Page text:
A recent community-based project has made headlines by providing access to the long-lost Windows Update pages, allowing users of classic Windows versions to update their operating systems. The Windows Update Restored site has brought hope to those nostalgic users still running Windows 95, NT 4.0, 98, Me, 2000, and XP. Although Microsoft does not officially back the project, it offers a functional solution for updating these vintage operating systems. However, users are cautioned to proceed at their own risk, as the site and its associated update pages are intended for archival purposes only.
Updating Windows 95: A Blast from the Past
A video demo walkthrough showcases the simplicity and speed of updating Windows 95 using the Windows Update Restored v3.1 site. Launching Internet Explorer (versions 5 and 5.5 are supported) allows users to easily navigate the site and click on the ‘Product Updates’ button. After acknowledging a ‘Security Warning,’ users are presented with a list of checkboxes indicating the available updates for their system. Surprisingly, these updates’ download sizes are significantly smaller than modern standards. Critical updates package: 3.1 MB, security update: 124 KB, and DirectX 8a: 11.2 MB. The updating process may require multiple visits to the update page and PC restarts.
Support for Other Classic Versions
In addition to Windows 95, the Windows Update Restored v3.1 site supports Windows NT4 and Windows 98 (including SE). The video demonstrates the ability to update Windows NT4 to Service Pack 6a and Windows 98 SE with critical and optional packages. While critical updates for these operating systems are currently available, some optional updates may not be linked at the time of writing. For instance, DirectX 8.1 cannot be downloaded and installed in Windows 95, even if selected on the update page.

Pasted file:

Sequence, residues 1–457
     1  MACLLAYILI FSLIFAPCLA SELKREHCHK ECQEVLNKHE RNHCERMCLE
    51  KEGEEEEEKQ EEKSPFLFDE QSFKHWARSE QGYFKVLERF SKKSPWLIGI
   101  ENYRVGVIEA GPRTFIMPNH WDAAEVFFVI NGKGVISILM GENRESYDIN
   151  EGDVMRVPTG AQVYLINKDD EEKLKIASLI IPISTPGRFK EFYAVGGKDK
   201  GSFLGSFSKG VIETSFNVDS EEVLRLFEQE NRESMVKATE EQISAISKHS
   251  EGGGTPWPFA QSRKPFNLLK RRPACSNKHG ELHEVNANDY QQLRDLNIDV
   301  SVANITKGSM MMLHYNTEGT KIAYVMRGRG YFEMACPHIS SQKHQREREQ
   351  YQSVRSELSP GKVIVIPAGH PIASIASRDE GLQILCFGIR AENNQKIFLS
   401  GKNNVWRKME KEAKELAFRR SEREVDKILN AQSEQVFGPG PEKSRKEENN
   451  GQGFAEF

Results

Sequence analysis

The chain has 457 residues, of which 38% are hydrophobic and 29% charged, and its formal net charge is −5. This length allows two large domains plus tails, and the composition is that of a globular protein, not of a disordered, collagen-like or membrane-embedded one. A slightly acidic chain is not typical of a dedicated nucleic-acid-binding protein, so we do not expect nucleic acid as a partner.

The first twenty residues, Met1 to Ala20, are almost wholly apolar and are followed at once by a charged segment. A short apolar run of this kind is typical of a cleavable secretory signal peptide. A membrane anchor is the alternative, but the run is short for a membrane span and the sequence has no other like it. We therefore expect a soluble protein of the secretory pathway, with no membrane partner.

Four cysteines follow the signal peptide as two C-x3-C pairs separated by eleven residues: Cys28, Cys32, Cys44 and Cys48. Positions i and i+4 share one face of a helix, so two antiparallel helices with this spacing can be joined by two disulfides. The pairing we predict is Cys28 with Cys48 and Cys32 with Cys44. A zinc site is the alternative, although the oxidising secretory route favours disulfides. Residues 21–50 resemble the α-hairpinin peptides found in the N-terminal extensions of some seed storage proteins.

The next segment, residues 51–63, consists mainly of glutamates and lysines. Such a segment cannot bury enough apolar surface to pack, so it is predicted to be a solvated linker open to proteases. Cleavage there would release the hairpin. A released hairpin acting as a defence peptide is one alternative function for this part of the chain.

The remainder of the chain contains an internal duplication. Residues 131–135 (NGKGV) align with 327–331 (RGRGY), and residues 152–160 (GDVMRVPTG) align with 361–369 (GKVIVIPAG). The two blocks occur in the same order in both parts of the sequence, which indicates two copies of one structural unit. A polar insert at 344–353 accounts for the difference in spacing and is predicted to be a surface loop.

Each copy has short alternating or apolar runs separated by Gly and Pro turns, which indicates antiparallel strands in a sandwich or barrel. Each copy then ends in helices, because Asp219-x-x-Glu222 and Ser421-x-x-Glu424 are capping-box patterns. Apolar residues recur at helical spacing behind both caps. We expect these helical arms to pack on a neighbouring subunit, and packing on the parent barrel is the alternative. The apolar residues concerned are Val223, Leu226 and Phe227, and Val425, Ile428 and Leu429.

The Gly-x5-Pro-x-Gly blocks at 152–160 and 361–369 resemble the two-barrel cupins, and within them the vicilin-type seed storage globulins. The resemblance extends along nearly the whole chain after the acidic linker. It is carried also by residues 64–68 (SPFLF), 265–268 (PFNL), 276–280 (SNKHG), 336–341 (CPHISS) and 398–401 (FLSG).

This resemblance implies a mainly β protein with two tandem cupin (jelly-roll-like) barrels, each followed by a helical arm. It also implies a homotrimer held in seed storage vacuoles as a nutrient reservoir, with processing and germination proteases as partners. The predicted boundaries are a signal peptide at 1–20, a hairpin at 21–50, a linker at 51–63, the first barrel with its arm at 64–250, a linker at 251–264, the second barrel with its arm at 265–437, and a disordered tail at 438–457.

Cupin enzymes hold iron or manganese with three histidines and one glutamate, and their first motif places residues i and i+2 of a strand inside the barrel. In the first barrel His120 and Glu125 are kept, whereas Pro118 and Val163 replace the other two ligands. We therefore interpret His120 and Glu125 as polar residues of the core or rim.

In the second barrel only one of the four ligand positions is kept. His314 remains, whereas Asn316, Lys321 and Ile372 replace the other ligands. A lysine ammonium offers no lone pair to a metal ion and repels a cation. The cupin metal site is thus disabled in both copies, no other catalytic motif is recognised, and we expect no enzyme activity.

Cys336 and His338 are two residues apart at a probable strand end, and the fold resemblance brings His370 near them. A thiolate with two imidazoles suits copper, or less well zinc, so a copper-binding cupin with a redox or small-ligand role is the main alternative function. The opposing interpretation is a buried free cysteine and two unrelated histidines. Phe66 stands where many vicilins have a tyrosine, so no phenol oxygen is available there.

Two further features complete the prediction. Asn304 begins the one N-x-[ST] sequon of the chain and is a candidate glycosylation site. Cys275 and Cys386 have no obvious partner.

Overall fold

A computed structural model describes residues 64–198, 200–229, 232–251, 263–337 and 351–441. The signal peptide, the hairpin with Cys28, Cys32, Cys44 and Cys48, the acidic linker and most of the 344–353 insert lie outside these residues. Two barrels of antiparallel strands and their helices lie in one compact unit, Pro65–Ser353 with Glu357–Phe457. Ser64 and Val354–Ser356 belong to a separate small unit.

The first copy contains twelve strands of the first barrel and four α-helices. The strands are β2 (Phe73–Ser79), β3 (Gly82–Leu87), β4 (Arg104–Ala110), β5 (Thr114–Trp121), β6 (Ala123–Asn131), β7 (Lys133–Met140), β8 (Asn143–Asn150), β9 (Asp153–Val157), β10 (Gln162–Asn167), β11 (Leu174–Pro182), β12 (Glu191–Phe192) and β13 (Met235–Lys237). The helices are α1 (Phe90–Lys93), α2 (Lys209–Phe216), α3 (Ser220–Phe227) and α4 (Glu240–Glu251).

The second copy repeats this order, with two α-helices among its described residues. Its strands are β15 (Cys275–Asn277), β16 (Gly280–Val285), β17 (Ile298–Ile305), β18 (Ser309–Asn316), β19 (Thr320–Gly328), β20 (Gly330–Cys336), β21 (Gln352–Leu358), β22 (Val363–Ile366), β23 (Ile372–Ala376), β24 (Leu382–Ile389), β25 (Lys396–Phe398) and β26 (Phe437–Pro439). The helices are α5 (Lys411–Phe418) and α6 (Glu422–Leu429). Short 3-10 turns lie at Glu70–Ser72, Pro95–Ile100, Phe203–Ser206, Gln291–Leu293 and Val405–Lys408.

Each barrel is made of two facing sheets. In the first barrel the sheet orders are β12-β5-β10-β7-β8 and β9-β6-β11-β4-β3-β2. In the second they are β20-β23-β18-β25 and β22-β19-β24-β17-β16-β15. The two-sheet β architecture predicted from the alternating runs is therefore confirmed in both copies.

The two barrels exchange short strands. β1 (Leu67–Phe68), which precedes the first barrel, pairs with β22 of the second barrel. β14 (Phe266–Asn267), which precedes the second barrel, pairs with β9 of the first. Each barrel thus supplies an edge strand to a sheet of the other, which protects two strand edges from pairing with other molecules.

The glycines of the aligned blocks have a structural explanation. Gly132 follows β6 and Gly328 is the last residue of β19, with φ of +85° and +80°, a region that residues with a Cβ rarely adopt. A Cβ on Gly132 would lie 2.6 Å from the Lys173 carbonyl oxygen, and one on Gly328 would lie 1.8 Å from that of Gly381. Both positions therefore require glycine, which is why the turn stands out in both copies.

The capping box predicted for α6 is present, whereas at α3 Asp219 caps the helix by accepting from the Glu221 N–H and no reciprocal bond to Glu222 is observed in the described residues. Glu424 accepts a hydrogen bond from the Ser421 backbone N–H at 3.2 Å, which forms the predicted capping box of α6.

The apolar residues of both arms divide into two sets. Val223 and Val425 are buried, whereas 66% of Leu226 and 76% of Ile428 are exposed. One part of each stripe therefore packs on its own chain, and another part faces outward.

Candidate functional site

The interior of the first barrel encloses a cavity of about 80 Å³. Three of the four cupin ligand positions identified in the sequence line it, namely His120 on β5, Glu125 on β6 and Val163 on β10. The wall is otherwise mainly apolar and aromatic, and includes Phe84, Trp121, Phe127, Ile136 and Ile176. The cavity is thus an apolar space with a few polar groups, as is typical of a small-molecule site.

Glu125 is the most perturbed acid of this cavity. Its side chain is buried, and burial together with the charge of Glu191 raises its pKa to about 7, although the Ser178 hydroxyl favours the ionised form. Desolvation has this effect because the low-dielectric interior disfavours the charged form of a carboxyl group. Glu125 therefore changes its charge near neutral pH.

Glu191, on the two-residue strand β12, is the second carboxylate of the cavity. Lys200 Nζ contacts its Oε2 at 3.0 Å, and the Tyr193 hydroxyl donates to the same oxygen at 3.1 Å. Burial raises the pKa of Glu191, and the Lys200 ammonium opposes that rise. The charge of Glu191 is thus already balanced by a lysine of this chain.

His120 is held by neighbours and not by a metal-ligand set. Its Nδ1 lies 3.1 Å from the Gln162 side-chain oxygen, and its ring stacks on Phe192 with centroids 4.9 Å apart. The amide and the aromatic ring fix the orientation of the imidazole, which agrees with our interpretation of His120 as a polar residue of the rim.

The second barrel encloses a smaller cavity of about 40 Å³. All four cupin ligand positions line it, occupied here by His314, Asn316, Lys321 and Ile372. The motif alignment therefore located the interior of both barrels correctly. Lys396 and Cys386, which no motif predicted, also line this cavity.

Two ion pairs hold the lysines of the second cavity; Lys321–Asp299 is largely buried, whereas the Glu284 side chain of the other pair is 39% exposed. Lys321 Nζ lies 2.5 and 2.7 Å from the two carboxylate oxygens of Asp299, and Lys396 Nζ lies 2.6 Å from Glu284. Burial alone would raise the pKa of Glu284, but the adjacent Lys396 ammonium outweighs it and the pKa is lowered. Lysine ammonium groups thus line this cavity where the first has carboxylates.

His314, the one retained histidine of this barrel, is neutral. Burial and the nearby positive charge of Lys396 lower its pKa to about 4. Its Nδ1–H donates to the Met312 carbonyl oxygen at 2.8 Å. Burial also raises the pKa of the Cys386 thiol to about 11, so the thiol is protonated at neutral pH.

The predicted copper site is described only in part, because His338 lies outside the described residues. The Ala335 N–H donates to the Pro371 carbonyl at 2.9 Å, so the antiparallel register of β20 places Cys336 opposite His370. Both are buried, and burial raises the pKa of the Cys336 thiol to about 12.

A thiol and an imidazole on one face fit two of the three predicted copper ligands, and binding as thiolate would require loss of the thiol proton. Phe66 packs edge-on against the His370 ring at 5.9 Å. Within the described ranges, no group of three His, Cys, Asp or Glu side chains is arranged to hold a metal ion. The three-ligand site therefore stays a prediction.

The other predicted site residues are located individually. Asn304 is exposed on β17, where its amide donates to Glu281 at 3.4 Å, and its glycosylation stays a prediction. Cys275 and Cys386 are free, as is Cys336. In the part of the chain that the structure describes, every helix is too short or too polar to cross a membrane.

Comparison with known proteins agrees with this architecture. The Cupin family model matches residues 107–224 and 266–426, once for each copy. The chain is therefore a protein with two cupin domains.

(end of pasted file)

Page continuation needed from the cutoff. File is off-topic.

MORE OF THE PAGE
Future Roadmap and Limitations
The Windows Update Restored team is actively working on expanding its services. Although no specific timeline has been provided, they aim to introduce support for Windows XP, Windows Server 2003, and even Windows Vista and newer versions. However, users must exercise patience or follow the project’s updates on the MSFN Forum to stay informed about the availability of these update pages. Windows Me and Windows 2000 are currently not covered, but the team hints at a forthcoming launch targeting support for these operating systems.
While Windows Update Restored offers an intriguing solution for updating legacy Windows versions, the project team emphasizes that it is not an officially endorsed method for maintaining older systems. We echo their sentiment and encourage users to consider more secure modern operating systems like Windows 10 and 11 and the latest versions of Linux for their browsing, connected tasks, gaming, and productivity needs.
In conclusion, the Windows Update Restored project has breathed new life into classic Windows versions by resurrecting the long-lost Windows Update pages. Users of Windows 95, NT 4.0, and 98 (including SE) can now easily update their operating systems through the Windows Update Restored v3.1 site. With the promise of future expansions and support for additional operating systems, this project serves as a fascinating endeavor for those with a penchant for nostalgia. However, it’s essential to recognize that modern, secure operating systems are the recommended choice for the majority of users in today’s digital landscape.